Parranda Latina!


Festival Latino: A Cultural Celebration


Amigos Internacional a group dedicated to serving the Spanish-speaking residents in the Cape Fear area is hosting its ninth annual Festival Latino: A Cultural Celebration on Saturday November 3 at Hugh MacRae Park. The festivities begin at 10 a.m. and will continue until 6 or 7 p.m. (or later if the party is too much fun to end). Activities include Latin dance lessons and contests a Latin food court the Kid’s Fiesta with games and music; and the Great Mexican Hat Race. Local vendors will be there to showcase their services and more than 10 000 participants are expected.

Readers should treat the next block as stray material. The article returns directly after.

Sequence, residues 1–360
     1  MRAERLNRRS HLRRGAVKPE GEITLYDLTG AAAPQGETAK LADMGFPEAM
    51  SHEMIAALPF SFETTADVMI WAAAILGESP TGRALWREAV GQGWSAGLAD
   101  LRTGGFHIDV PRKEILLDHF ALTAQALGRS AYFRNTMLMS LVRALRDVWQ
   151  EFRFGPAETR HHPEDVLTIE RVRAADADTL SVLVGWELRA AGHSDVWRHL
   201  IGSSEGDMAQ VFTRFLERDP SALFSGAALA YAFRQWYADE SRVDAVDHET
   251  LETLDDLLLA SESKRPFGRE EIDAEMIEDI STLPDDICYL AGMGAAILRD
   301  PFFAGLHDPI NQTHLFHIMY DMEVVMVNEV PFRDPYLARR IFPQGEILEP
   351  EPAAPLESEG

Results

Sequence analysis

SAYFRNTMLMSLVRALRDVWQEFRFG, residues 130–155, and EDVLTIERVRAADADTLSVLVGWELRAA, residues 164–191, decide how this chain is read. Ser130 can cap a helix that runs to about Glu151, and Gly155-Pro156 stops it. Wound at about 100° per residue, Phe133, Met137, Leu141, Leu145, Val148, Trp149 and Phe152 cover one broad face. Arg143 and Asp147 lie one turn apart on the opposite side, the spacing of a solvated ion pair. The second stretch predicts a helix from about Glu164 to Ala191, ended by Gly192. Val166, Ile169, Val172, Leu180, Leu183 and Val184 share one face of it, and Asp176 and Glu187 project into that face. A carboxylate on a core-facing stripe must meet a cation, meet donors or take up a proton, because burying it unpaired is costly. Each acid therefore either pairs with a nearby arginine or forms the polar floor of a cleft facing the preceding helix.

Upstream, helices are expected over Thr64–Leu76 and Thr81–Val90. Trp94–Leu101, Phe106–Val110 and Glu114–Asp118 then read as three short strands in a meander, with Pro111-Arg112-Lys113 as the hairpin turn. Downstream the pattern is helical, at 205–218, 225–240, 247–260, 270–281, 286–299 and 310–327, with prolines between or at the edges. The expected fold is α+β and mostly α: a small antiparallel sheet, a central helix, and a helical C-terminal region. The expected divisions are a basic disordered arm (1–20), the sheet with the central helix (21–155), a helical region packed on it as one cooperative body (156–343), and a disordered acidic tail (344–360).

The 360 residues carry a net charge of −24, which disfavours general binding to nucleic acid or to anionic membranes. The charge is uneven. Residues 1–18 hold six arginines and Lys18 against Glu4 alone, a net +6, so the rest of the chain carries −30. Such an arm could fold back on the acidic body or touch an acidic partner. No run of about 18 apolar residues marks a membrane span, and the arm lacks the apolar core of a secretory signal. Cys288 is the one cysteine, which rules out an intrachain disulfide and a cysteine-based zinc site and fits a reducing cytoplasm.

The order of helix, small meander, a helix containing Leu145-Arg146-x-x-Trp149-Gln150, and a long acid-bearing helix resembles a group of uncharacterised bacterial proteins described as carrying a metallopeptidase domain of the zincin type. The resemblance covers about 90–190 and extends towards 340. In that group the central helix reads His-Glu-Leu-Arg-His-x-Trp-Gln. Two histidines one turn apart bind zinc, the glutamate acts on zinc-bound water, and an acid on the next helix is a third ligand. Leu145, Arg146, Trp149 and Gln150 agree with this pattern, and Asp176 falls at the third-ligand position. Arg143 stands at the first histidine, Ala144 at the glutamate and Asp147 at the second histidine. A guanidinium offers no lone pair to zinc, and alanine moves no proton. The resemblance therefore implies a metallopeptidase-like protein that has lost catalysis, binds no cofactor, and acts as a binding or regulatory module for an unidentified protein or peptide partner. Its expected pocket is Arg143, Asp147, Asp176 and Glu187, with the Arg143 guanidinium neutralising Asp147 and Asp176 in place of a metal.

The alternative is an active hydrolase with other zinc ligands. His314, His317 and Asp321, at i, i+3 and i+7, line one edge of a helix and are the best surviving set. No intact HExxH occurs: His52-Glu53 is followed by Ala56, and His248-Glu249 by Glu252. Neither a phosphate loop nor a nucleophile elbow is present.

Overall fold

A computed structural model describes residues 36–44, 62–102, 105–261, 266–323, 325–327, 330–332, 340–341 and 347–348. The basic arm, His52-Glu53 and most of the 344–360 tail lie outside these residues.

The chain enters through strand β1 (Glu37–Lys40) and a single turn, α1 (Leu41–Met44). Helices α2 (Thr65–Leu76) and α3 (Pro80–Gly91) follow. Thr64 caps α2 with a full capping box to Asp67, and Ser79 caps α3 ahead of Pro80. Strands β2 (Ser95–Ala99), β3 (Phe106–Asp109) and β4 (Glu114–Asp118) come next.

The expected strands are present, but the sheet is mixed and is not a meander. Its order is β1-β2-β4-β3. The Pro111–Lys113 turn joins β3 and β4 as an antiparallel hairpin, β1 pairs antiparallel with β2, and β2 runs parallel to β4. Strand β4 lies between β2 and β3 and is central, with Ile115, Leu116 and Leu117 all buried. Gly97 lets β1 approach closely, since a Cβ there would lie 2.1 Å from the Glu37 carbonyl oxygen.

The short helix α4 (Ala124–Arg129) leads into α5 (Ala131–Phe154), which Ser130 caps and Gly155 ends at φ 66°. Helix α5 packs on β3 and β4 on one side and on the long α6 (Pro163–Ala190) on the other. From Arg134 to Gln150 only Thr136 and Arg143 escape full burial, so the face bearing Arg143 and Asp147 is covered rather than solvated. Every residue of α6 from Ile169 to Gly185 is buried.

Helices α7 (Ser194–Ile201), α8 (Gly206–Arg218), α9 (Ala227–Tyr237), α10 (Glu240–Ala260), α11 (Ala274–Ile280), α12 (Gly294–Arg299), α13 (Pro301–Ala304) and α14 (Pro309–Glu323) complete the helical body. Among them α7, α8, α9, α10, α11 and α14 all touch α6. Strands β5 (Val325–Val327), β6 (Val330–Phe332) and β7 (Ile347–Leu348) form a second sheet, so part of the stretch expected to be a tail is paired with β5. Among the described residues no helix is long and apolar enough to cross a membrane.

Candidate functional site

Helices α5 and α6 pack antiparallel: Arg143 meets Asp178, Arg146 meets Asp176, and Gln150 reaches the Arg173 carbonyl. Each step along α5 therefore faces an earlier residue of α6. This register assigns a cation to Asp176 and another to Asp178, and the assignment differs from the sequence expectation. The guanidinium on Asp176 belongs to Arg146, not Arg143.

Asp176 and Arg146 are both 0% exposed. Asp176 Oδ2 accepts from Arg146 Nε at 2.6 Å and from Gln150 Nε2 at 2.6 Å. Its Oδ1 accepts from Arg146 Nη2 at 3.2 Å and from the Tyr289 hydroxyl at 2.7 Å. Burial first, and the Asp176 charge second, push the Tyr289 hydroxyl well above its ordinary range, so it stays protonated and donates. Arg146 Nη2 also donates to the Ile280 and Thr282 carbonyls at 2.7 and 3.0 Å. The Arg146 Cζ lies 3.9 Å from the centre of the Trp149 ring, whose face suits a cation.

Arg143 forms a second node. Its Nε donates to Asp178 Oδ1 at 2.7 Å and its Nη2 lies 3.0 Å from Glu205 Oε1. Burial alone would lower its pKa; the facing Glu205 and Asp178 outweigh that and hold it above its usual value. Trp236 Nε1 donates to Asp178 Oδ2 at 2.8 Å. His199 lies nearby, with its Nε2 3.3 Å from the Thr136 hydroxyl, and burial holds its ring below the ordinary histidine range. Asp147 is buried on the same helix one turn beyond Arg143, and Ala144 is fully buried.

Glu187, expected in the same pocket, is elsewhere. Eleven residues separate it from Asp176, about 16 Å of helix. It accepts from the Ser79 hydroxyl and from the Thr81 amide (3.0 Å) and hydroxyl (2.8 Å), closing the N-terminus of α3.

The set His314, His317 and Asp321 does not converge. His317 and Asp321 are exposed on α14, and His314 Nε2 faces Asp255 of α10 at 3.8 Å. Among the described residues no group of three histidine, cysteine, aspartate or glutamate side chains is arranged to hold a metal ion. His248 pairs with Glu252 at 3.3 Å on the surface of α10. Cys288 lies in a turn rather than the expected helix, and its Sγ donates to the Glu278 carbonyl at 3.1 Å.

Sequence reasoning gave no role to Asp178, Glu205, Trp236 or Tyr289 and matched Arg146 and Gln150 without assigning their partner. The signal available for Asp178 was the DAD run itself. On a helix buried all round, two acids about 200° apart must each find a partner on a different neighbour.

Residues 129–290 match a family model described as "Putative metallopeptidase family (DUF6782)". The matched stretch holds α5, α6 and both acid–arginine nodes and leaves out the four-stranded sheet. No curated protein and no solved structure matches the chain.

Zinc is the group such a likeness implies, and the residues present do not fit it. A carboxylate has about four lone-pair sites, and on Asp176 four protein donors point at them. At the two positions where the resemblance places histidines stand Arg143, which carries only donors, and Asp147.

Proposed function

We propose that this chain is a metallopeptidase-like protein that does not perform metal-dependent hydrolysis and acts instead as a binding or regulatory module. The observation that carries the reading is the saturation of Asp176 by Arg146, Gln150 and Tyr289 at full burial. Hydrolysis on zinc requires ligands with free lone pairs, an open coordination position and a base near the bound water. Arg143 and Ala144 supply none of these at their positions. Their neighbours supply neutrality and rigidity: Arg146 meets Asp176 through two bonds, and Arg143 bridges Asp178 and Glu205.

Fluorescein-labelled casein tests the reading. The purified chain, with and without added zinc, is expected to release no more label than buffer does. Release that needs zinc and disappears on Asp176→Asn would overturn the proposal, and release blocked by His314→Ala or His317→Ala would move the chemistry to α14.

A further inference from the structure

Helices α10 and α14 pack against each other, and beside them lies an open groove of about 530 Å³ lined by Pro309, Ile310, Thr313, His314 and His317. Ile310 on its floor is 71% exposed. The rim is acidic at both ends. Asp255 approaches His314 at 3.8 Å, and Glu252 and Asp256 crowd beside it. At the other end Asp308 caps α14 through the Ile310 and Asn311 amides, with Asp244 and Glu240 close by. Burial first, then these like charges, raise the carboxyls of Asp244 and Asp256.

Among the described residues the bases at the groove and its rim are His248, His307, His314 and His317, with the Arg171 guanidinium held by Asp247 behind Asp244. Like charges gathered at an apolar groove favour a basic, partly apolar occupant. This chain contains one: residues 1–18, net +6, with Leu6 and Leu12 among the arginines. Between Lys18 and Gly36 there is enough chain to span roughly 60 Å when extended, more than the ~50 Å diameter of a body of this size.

Jeff Sanchez is the program director for Centro Latino which is the resource and activity center here in Wilmington that houses Amigos Internacional. He explains “We’re trying to get non-Latinos to come and share in this celebration. We’re also trying to invite businesses to get exposure in the Hispanic community by setting up a booth.” Through Amigos Internacional Centro Latino has been helping Spanish-speaking residents with legal housing medical and educational assistance since 2001.


Festival admission is free to the public. Call (910) 341-0007 for more information. Michelle Billman





Take to the sea


Wrightsville Beach Sea Kayak Race


Lydia Fonvielle’s favorite memory from the annual Wrightsville Beach Sea Kayak Race took place last year when a woman winning her division’s race had to hand paddle across the finish line when a mechanism broke on her pedal boat. Fonvielle the event coordinator of the race and the general manager of Salt Marsh Kayaks in Wrightsville Beach described the atmosphere as positive and said that everyone was cheering the woman on as she won the race.